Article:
Fill in the missing numbers so that adding each pair of corner numbers gives you the number between them (in the box).
This task, written for the National Young Mathematicians' Award 2016, involves open-topped boxes made with interlocking cubes. Explore the number of units of paint that are needed to cover the boxes. . . .
This magic square has operations written in it, to make it into a maze. Start wherever you like, go through every cell and go out a total of 15!
Using the statements, can you work out how many of each type of rabbit there are in these pens?
What do you notice about the date 03.06.09? Or 08.01.09? This challenge invites you to investigate some interesting dates yourself.
Add the sum of the squares of four numbers between 10 and 20 to the sum of the squares of three numbers less than 6 to make the square of another, larger, number.
Can you use the information to find out which cards I have used?
Three children are going to buy some plants for their birthdays. They will plant them within circular paths. How could they do this?
There are 78 prisoners in a square cell block of twelve cells. The clever prison warder arranged them so there were 25 along each wall of the prison block. How did he do it?
Exactly 195 digits have been used to number the pages in a book. How many pages does the book have?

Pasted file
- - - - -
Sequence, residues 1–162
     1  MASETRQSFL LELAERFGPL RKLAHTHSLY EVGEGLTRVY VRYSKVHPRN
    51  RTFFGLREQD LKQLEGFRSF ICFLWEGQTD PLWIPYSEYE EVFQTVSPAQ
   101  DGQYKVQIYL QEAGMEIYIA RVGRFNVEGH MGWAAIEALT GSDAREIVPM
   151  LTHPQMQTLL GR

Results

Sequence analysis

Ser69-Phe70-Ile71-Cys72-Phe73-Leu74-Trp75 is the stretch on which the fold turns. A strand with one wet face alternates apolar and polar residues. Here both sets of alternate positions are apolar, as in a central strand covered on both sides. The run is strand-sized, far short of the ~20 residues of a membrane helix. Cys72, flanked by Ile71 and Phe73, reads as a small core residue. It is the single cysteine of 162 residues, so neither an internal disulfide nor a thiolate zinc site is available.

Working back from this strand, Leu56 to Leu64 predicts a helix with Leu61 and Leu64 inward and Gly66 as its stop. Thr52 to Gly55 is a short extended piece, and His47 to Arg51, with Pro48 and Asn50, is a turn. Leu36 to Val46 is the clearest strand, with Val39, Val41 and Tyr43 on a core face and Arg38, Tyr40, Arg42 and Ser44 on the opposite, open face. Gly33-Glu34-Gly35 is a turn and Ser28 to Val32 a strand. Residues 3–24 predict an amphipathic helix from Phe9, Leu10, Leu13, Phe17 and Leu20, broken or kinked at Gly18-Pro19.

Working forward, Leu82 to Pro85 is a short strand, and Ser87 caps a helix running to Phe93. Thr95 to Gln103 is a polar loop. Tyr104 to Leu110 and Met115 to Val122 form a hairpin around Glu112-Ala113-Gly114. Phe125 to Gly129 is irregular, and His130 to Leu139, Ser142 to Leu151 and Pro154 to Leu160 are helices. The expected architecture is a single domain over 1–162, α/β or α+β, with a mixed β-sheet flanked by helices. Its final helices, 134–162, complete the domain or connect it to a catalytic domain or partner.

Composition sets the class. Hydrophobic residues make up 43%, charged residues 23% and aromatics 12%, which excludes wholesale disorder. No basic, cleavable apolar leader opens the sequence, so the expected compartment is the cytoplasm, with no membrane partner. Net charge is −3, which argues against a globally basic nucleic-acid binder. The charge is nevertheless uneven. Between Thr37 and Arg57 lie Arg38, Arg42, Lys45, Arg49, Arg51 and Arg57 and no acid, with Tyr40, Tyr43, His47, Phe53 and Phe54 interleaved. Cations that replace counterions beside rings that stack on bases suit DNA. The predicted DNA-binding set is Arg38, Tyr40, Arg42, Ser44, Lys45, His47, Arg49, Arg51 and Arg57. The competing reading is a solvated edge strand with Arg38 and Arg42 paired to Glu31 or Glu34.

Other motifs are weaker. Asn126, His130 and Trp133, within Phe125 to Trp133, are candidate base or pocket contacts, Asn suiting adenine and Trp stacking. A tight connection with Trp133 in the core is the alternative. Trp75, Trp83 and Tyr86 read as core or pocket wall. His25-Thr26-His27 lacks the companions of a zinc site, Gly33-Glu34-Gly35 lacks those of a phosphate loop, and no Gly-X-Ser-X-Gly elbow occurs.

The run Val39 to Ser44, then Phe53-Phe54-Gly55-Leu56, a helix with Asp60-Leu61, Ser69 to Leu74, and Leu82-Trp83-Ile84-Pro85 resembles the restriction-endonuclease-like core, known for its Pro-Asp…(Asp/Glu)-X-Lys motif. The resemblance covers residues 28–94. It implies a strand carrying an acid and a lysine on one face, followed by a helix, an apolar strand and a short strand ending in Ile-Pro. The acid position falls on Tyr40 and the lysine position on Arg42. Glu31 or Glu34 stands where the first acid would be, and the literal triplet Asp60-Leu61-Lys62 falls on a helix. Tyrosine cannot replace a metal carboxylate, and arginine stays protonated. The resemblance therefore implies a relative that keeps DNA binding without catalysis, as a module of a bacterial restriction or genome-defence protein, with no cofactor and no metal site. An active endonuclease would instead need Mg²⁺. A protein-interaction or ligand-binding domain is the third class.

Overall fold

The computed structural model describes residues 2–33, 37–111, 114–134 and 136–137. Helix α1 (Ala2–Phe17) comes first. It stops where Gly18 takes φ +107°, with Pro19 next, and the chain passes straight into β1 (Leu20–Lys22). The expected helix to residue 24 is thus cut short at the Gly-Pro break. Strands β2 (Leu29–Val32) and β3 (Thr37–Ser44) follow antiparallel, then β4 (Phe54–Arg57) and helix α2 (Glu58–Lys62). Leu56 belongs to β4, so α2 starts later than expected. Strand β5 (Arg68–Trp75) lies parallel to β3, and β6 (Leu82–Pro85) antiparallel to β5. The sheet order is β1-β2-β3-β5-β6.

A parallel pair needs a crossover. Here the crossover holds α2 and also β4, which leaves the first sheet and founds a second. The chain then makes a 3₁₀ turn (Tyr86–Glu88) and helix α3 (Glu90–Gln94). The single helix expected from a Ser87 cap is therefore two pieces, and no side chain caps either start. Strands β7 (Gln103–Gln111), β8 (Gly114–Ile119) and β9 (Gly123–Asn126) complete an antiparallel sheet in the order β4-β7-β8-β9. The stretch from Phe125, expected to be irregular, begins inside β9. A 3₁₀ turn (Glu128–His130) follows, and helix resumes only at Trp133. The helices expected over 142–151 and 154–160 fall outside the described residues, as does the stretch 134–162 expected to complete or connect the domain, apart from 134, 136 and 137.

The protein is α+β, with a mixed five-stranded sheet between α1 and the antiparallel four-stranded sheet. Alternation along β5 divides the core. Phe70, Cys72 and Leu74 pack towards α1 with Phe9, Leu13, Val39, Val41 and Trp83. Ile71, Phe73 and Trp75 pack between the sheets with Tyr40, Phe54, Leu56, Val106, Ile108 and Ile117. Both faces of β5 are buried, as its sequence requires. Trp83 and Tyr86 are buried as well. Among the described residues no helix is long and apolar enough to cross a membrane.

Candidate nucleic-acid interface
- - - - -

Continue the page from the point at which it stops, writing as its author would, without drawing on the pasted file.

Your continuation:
Arrange three 1s, three 2s and three 3s in this square so that every row, column and diagonal adds to the same total.
What do the digits in the number fifteen add up to? How many other numbers have digits with the same total but no zeros?
How could you put eight beanbags in the hoops so that there are four in the blue hoop, five in the red and six in the yellow? Can you find all the ways of doing this?
This dice train has been made using specific rules. How many different trains can you make?
Winifred Wytsh bought a box each of jelly babies, milk jelly bears, yellow jelly bees and jelly belly beans. In how many different ways could she make a jolly jelly feast with 32 legs?
A game for 2 people. Use your skills of addition, subtraction, multiplication and division to blast the asteroids.
Find the sum and difference between a pair of two-digit numbers. Now find the sum and difference between the sum and difference! What happens?
If each of these three shapes has a value, can you find the totals of the combinations? Perhaps you can use the shapes to make the given totals?
You have 5 darts and your target score is 44. How many different ways could you score 44?
Cherri, Saxon, Mel and Paul are friends. They are all different ages. Can you find out the age of each friend using the information?
This problem is based on the story of the Pied Piper of Hamelin. Investigate the different numbers of people and rats there could have been if you know how many legs there are altogether!
Strike it Out game for an adult and child. Can you stop your partner from being able to go?
Can you find all the ways to get 15 at the top of this triangle of numbers?
Use your logical-thinking skills to deduce how much Dan's crisps and ice-cream cost altogether.
This task follows on from Build it Up and takes the ideas into three dimensions!
This is an adding game for two players.